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resources now has to be shared up among a growing number of actors, stretching limited resources even further. Likewise, by seeking to address security threats in a comprehensive and holistic manner—a key principle of human security approach—­ prioritization becomes exceedingly difficult. Stemming ethnic conflict may be the goal, for instance, but addressing underlying structural problems of resource competition, migration patterns, political disenfranchisement, or poverty make resource prioritization a Herculean task. Who gets what and how much? Where and when should

in African security in the twenty-first century

sustained or long-term peace support operations on the continent without the requisite financial, logistical, and technological capacity of external donors. In addition, the same level of commitment has not fully been translated to other security challenges, such as public health, food security, climate change, and migration. These non-traditional security issues often require long-term commitments, but due to the nature of Africa’s many impoverished states and their lack of resources, they have often ceded responsibility to international organizations, aid agencies, and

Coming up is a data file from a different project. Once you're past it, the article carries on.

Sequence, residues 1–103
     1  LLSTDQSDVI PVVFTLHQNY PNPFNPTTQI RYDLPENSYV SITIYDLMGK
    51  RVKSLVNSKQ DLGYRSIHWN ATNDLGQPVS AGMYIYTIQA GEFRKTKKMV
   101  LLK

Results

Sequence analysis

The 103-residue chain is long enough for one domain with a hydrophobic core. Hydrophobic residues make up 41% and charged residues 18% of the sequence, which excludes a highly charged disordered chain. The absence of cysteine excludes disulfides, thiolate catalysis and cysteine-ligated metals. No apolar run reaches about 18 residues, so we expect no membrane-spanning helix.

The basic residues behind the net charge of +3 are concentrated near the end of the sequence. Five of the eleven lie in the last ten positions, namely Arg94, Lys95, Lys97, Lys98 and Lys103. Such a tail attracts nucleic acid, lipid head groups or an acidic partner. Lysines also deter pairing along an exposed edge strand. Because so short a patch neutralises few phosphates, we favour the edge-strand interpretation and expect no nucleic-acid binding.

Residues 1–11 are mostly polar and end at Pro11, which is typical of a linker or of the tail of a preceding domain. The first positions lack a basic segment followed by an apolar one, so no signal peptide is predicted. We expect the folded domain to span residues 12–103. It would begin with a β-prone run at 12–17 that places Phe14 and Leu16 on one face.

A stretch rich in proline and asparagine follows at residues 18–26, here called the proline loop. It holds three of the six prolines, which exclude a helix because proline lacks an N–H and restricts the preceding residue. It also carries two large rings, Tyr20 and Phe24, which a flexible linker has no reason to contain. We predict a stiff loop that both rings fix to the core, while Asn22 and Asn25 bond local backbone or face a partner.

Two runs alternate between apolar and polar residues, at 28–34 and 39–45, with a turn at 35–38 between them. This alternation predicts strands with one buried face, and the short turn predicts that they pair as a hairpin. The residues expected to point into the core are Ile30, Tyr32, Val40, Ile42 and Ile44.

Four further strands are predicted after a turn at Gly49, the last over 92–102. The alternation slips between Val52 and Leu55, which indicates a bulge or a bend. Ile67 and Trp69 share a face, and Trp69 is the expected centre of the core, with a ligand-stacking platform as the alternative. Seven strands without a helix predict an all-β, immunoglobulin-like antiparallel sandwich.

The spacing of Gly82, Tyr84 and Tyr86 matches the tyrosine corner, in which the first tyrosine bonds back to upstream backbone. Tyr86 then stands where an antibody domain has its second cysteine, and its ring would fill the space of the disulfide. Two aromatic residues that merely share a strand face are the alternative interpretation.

in African security in the twenty-first century
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Samuel Huntington’s The Clash of Civilizations and the Remaking of World Order revisited

Trade Organization, the exceptional health of the US domestic budget and the rapidly emerging commercial applications of the internet. At the end of 1994 the collapse of public finances in Mexico, within a year of the ratification of the North American Free Trade Area (NAFTA), required a US Federal Reserve bail-​out of some US$50 billion and opened a phase of commercial, security and migration crises that would preoccupy Huntington so sharply that they dominated the final chapter of his book. The intervening need for the US Marine Corps to invade a badly destabilised

in American foreign policy

-border participation in a common discourse. All this makes the Arab world, in Noble’s (1991: 56) words, a ‘vast sound chamber’ in which ideas and information circulate widely. In addition, similar food, marriage and child-rearing practices, music and art are recognisable region-wide. Extended family ties frequently crossed borders and cross-border immigration has been constant: in the 1950s there were major flows of Palestinian refugees; since the 1970s labour migration to the Gulf oil-producing states has been substantial. Niblock (1990) argues that the interests of the separate

in The international politics of the Middle East
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stimulate growth in ways that inter-state rivalries have inhibited. This could not be an unalloyed abdication of human responsibility – globalisation also presents challenges which human agency will be called upon to overcome. Thus, more active liberal approaches are stimulated by new global problems such as migration, environmental decay and contagious new wars. However, these further erode the power of the state, as, being global problems, they demand global authority to overcome them. Thus Peter Hain could write about ‘The End of Foreign Policy’ and Clare Short could

in Britain and Africa under Blair